Report: EU responding to Google antitrust search-quality defense with new objections

SEO

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According to a report in The Wall Street Journal, regulators at the European Commission (EC) are preparing a “supplementary statement of objections” in the existing shopping search antitrust matter. The EC filed the original “statement of objections” (formal antitrust charges) regarding Google’s alleged abuse of market power in early 2015.

While the EC focused exclusively on shopping search in the original charges, it is widely expected that shopping is a kind of template for other potential “search bias” cases against Google. If the EC succeeds, nearly identical charges will likely follow in other vertical search areas such as local, maps and potentially travel.

The supplementary statement reportedly allows the EC to address arguments and claims made in Google’s formal response to the EC’s original statement of objections. In a blog post reflecting the arguments made to the EC, Google vigorously asserts that the evolution of its search results pages has been about improving quality and the user experience and is not an abuse of market position:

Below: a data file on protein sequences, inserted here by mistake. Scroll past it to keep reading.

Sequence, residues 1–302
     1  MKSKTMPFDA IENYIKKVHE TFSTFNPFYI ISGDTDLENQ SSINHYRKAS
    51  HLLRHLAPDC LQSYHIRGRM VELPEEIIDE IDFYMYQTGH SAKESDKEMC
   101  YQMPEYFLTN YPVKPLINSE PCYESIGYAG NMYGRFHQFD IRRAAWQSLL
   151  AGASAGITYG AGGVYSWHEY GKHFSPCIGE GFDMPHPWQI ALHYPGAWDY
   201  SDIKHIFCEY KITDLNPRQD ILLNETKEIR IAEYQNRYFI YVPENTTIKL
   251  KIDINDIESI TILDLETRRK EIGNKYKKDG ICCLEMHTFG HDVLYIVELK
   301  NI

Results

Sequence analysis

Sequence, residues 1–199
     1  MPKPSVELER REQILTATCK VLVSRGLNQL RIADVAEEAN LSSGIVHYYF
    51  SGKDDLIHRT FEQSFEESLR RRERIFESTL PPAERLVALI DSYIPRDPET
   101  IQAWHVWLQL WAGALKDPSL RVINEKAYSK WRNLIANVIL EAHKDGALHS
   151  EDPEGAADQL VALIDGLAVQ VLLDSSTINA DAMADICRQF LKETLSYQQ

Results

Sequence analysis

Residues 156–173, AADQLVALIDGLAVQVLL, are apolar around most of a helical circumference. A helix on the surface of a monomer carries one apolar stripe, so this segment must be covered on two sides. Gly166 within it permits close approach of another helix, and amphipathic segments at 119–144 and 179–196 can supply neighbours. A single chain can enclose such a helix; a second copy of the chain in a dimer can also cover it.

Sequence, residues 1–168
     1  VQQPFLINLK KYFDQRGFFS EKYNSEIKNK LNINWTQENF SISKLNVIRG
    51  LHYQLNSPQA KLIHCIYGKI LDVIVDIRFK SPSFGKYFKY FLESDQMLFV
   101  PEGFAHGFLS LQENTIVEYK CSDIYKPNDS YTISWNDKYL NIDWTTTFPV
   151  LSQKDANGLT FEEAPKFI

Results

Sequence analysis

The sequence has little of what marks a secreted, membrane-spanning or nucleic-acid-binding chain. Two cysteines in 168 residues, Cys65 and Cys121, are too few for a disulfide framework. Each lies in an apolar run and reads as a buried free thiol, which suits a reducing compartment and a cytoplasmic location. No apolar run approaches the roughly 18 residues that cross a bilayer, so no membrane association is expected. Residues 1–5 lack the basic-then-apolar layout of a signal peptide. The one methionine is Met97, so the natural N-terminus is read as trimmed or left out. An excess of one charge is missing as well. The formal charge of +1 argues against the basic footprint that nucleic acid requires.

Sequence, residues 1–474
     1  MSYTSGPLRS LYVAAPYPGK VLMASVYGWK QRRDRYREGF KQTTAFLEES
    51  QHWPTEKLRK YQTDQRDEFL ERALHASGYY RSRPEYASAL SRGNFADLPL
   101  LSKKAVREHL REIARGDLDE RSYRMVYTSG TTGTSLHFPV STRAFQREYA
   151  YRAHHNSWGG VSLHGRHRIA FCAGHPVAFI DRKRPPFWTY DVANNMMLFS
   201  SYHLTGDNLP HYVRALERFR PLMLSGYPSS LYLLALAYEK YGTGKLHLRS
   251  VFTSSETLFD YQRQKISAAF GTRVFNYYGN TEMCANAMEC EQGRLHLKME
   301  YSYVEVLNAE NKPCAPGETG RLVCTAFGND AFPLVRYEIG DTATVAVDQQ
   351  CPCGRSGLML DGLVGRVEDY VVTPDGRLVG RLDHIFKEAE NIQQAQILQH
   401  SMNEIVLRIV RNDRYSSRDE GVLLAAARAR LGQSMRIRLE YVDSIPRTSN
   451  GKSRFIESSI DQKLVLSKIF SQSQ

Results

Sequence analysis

Google has always worked to improve its services, creating new ways to provide better answers and show more useful ads. We’ve taken seriously the concerns in the European Commission’s Statement of Objections (SO) that our innovations are anti-competitive. The response we filed today shows why we believe those allegations are incorrect, and why we believe that Google increases choice for European consumers and offers valuable opportunities for businesses of all sizes.

Google’s General Counsel Kent Walker also argues that the EC fails to consider the presence and impact of companies such as Amazon and eBay in its competitive analysis. The EC’s supplementary statement will respond to these arguments.

In addition to the shopping search action, Google faces a second antitrust front in Europe, regarding Android-OEM contracts. And there may be third complaint soon surrounding AdWords publisher agreements.

If any one of these results in fines, it could mean billions in penalties and a change in business practices for Google. It could also mean the loss of some control over the way Google presents search results.